Could a new product help the squeezed middle?
Anita Khan, executive director of customer services
‘This is about people, this is about getting people living in better-quality homes that they can afford…getting stuff done is our responsibility.’
These are not my words, but those of Kate Henderson when she was appointed chief executive of the National Housing Federation last September. To my mind, her sentiment is spot on.
At settle, we exist to help people who are struggling to find a place to live. We share this aim in common with many of our housing provider peers, and the question we all have to answer is: how are we responding to that responsibility? Are we using our assets – our homes – to support those who need them most?
In 2016, with our board we started to test this question – to see if we really were serving the people in our communities as best we could.
We worked with Savills to identify housing market need and where we could better use our assets to meet this need. The results gave us much food for thought.
- We found that households in North Hertfordshire earning between £20,000-£25,000 a year are currently very poorly served by the regional housing market
- The average house price is £400,000 and so they cannot afford to get onto the housing ladder
- They frequently don’t have enough points to qualify for accommodation through the council waiting list
- There are not enough options in the private rental market – it makes up only 7% of the housing market in North Hertfordshire
settle has large number of three-bed houses – 60% of all our 9,000 properties to be precise. At present the benefit cap is making this size of property less popular. It was clear there was an opportunity to use some of these homes to alleviate the affordability crisis faced by many households in our communities. If we don’t help, who will?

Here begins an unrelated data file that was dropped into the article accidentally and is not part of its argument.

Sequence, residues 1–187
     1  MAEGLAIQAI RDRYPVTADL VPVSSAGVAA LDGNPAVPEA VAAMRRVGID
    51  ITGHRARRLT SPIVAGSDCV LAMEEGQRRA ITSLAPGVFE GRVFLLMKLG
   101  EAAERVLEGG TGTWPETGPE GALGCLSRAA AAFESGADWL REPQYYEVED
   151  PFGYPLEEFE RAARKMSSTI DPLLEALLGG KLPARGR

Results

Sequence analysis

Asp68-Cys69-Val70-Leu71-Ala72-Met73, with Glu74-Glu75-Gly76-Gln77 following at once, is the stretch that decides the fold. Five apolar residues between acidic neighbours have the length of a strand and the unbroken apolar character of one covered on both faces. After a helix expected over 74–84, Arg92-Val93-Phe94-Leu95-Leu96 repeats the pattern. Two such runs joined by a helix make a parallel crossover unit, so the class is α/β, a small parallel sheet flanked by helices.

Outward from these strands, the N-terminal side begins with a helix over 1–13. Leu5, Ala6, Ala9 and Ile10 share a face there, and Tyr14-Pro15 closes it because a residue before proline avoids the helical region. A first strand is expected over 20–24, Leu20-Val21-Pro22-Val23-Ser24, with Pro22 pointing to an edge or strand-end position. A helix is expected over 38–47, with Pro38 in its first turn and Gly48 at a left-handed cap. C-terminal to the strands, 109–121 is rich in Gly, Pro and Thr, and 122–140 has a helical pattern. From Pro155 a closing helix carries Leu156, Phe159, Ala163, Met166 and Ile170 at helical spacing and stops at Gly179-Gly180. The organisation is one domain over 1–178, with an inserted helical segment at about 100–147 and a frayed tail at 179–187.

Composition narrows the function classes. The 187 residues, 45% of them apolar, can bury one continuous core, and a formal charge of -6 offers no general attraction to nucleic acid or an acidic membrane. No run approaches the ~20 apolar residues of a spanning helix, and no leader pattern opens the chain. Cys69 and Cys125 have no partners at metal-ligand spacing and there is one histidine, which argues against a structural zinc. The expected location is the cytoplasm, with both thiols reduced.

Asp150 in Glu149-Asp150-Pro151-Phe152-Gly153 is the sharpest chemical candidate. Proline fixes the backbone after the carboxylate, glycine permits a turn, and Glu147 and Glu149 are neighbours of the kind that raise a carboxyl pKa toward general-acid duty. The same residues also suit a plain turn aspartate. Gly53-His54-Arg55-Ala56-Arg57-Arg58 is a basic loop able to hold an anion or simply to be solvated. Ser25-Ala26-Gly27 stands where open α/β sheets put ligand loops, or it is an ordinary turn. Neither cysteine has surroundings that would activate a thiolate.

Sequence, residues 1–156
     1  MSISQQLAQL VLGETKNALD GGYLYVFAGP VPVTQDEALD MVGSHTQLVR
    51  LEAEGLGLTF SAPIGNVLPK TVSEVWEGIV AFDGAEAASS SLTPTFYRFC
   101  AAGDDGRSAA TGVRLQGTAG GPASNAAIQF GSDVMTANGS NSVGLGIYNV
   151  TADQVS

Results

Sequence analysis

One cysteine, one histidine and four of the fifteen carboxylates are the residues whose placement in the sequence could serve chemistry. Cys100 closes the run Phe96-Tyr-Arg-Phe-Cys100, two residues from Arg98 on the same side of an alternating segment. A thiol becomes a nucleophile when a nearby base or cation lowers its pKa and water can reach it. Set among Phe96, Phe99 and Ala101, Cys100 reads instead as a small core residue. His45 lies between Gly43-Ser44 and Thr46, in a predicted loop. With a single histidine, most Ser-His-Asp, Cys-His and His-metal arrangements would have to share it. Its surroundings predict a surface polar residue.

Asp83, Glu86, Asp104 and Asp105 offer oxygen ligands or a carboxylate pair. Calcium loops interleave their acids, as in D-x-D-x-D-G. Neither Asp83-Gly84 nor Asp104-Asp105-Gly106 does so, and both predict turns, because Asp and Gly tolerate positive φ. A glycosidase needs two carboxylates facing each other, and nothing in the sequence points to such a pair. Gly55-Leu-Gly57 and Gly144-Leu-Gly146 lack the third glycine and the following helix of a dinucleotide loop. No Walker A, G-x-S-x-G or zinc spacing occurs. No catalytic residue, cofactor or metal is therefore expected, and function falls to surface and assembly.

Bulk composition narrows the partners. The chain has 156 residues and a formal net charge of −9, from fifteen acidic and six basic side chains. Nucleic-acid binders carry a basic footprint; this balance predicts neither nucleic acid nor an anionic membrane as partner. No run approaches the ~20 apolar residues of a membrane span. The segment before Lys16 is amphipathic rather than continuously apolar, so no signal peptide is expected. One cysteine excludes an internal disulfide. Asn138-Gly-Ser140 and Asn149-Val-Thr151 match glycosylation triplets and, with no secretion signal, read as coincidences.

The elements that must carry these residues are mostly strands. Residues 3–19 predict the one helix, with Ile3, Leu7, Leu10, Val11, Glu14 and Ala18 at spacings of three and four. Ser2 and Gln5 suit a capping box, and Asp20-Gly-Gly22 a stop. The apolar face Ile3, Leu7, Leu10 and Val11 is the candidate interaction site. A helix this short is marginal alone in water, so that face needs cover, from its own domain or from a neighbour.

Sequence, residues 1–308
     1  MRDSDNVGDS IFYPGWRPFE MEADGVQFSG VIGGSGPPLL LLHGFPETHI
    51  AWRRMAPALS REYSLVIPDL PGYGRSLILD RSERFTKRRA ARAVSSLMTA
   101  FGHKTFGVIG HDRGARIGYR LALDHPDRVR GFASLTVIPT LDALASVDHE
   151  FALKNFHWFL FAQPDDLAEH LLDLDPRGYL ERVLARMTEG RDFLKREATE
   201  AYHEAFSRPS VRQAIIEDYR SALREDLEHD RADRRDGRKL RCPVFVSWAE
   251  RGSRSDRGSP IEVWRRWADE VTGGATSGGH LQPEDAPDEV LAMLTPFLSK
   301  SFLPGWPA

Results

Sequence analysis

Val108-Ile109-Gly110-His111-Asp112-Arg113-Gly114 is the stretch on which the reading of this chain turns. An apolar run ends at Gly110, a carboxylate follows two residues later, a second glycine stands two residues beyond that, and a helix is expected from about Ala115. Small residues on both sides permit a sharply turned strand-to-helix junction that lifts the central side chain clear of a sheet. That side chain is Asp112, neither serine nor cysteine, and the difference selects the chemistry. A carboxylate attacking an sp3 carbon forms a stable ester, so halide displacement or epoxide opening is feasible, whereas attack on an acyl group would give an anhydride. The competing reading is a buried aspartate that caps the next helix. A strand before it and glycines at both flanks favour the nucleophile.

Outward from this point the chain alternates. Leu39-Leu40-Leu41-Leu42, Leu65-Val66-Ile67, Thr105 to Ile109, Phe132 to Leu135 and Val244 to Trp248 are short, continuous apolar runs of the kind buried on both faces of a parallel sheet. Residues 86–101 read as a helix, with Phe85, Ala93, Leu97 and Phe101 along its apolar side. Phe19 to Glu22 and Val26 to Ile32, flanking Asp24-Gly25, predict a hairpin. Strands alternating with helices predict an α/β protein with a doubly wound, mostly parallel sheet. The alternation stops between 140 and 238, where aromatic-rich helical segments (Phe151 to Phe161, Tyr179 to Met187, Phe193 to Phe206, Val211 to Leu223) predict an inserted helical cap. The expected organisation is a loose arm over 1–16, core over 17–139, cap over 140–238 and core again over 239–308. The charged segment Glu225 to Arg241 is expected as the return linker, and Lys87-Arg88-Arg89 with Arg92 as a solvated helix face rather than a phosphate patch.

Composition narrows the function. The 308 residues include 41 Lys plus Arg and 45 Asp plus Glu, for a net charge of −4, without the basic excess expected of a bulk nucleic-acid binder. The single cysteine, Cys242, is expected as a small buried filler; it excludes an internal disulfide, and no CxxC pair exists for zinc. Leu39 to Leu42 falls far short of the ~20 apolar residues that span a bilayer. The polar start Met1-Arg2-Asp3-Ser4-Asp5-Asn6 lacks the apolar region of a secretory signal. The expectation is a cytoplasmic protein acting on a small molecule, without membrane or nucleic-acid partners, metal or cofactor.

As a result, our ‘discounted rent’ product was born. So what is ‘discounted rent? We believe it should be a private rental tenure set at between 70-90% of market rent and offering the same level of high-quality customer service experienced by our social rent and affordable rent tenants. The security of tenure should also be the same.
What we are not yet sure about is the best route to our target market of households with an income of £20,000-£25,000. Is it via online property portals and other channels that are open to everyone? Or is it via the existing choice-based lettings portal that we currently operate for our other properties?
Either route has its merits. The latter provides an additional filter of households that clearly do not qualify for a social housing tenancy but which have been seeking help with accommodation for a sustained period. However, the former ensures the Discounted Rent properties would be available to any applicant, subject to an income assessment.
To further explore these issues and to refine our idea, we are launching a 100-home pilot that will run for the next 6-9 months. The homes will be let through a subsidiary, with income being gifted back to settle to support the delivery of our business plan for all our customers. If the pilot is a success, we anticipate launching discounted rent permanently in 2020.
We have noted that there are legitimate questions to answer around the conversion of vacant existing social and affordable rented properties to the private rented sector – even at a discounted rent. In seeking to meet the needs of other sections of society struggling with the housing crisis, will we simply be creating additional need among those households on the housing waiting list who qualify for a three-bedroom home?
We are under no illusion that this is a tough choice to make. The pilot – launching later this year - will inform our final approach, but ultimately we want to help people live comfortably in quality homes they can afford. That is our responsibility.
Article first published in Inside Housing.